Learn About the Law
Get help with your legal needs
FindLaw’s Learn About the Law features thousands of informational articles to help you understand your options. And if you’re ready to hire an attorney, find one in your area who can help.
U.S. Trustee, John Clifton CONINE for the ESTATE OF Dennis ADDIE, Plaintiff–Appellant, v. UNIVERSAL OIL PRODUCTS COMPANY, Defendant–Appellee.
Plaintiff, U.S. Bankruptcy Trustee, John Clifton Conine for the Estate of Dennis Addie, seeks reversal of the trial court's ruling granting summary judgment in favor of defendant, Universal Oil Products Company (“UOP”). For the reasons that follow, we affirm the judgment of the trial court.
Dennis Addie was employed by UOP as a maintenance technician from June 30, 1992 until January 9, 2002. Addie suffered a migraine headache on June 12, 2001 and was absent from work June 14–16, 2001. He returned to work on June 18, 2001, but he left work that day complaining of another headache. Addie remained absent from work June 18–July 11, 2001. He returned to work July 12–19, 2001, but he left work again on July 19, 2001, complaining of a headache. Addie did not return to work until August 6, 2001, after obtaining a full medical release. He worked the next two weeks, but on August 20, 2001, Addie called UOP with complaints of headaches.
On September 17, 2001, Addie was examined by the company physician, Dr. James Dossey, who placed Addie on medical restrictions due to complaints of dizziness. On October 19, 2001, Addie was evaluated by his private physician, who restricted Addie from working on ladders or from unprotected heights. However, due to the nature of Addie's job duties, UOP required a “no restrictions release” before allowing Addie to return to work.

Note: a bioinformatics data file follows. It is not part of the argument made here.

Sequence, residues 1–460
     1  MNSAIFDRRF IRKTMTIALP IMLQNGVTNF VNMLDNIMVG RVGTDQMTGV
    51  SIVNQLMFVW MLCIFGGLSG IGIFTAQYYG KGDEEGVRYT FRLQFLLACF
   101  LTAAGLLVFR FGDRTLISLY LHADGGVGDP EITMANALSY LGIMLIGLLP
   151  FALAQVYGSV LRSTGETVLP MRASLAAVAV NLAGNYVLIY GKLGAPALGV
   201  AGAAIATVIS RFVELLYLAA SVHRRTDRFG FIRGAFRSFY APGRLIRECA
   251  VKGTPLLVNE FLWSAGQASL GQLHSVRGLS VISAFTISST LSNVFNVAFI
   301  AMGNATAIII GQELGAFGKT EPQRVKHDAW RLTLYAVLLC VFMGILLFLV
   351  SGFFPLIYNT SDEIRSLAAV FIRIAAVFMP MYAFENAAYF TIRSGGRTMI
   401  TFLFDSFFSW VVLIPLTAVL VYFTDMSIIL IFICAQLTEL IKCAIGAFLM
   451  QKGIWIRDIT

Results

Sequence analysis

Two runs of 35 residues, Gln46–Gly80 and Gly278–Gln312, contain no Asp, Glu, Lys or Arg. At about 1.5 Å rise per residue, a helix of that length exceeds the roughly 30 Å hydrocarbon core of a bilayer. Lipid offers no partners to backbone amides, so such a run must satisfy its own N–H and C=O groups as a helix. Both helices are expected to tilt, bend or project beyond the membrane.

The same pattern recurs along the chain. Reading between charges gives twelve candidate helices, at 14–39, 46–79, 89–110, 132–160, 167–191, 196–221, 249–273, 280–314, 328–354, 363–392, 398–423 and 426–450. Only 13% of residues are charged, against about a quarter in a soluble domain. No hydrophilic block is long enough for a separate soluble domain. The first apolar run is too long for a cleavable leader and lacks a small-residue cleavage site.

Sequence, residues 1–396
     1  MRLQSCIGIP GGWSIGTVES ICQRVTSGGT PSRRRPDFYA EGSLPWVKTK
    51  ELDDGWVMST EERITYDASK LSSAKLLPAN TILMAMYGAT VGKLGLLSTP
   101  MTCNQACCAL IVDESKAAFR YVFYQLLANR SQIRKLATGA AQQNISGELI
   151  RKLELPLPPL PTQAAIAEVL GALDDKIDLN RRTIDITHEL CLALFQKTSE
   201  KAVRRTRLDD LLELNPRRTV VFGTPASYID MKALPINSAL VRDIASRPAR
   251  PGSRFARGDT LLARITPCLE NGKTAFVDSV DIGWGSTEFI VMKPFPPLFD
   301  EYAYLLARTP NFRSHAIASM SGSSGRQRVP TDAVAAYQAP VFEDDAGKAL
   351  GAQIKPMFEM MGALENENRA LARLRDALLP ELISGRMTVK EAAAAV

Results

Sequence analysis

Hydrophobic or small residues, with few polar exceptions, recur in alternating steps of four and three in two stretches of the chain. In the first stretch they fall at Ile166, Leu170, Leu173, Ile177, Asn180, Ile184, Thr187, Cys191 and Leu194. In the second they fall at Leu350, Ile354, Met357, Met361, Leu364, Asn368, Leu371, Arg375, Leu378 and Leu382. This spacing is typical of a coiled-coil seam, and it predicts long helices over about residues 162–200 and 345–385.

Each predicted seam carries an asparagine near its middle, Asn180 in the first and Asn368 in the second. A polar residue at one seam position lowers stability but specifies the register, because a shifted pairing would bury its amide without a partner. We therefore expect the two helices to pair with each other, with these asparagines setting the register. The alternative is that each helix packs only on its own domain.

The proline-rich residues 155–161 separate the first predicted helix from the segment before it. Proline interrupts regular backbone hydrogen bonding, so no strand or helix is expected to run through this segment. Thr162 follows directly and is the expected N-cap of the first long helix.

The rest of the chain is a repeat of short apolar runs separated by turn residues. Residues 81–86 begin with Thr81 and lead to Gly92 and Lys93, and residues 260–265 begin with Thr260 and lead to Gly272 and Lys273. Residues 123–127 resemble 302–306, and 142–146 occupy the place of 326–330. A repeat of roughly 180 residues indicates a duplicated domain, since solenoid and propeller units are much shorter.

At some point, Addie was placed on leave under the Family and Medical Leave Act (“FMLA”). After the maximum twelve weeks was exhausted, he was placed on paid short term disability leave with instructions to notify the company once his symptoms resolved. By letter dated November 27, 2001, Addie was advised that his short term disability leave would end on December 13, 2001.
On December 5, 2001, Addie obtained an unrestricted release to return to work from his primary care physician. When Addie notified UOP that he had been released to return to work, UOP arranged for him to be examined by Dr. Dossey. On December 13, 2001, Addie was examined by Dr. Dossey, who refused to provide a full release for Addie to return to work due to continued symptoms of dizziness. When UOP received a copy of the unrestricted release from Addie's private physician and the conflicting report from Dr. Dossey, UOP arranged for Addie to be reevaluated by the neurologist who had previously examined him.
On December 19, 2001, Addie was examined by the neurologist. The neurologist noted that Addie's headaches were controlled with medication and he had not experienced any dizziness in approximately two months. Therefore, the neurologist opined that Addie could return to work without restrictions. Dr. Dossey then released Addie to return to “normal work without restrictions.”
The management of UOP reviewed Addie's medical records and discovered that his dizziness had been resolved for two months prior to his release to return to work. Consequently, on January 9, 2002, UOP terminated Addie for excessive absenteeism.
On April 12, 2002, Addie filed a complaint with the Equal Employment Opportunity Commission (“EEOC”), alleging violations of the Americans with Disabilities Act (“ADA”), 42 U.S.C. § 12101, et seq.1 The EEOC dismissed the claim, finding that Addie had not established an ADA violation.
On July 13, 2006, Addie's bankruptcy trustee filed suit against UOP, alleging that UOP wrongfully discharged Addie from his position in violation of the Louisiana Human Rights Act (“LHRA”).2 In response, UOP moved for summary judgment. The district court granted summary judgment, finding that plaintiff failed to prove that Addie's headaches substantially limited his ability to work. This appeal followed.
Plaintiff contends the district court erred in concluding that the evidence was insufficient to raise a genuine issue of material fact. Therefore, according to plaintiff, summary judgment should have been denied.